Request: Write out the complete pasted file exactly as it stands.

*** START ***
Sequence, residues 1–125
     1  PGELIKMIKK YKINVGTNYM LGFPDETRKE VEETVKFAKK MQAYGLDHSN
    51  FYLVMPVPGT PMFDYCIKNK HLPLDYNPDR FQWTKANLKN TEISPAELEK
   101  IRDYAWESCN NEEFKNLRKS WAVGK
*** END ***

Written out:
Sequence, residues 1–125
     1  PGELIKMIKK YKINVGTNYM LGFPDETRKE VEETVKFAKK MQAYGLDHSN
    51  FYLVMPVPGT PMFDYCIKNK HLPLDYNPDR FQWTKANLKN TEISPAELEK
   101  IRDYAWESCN NEEFKNLRKS WAVGK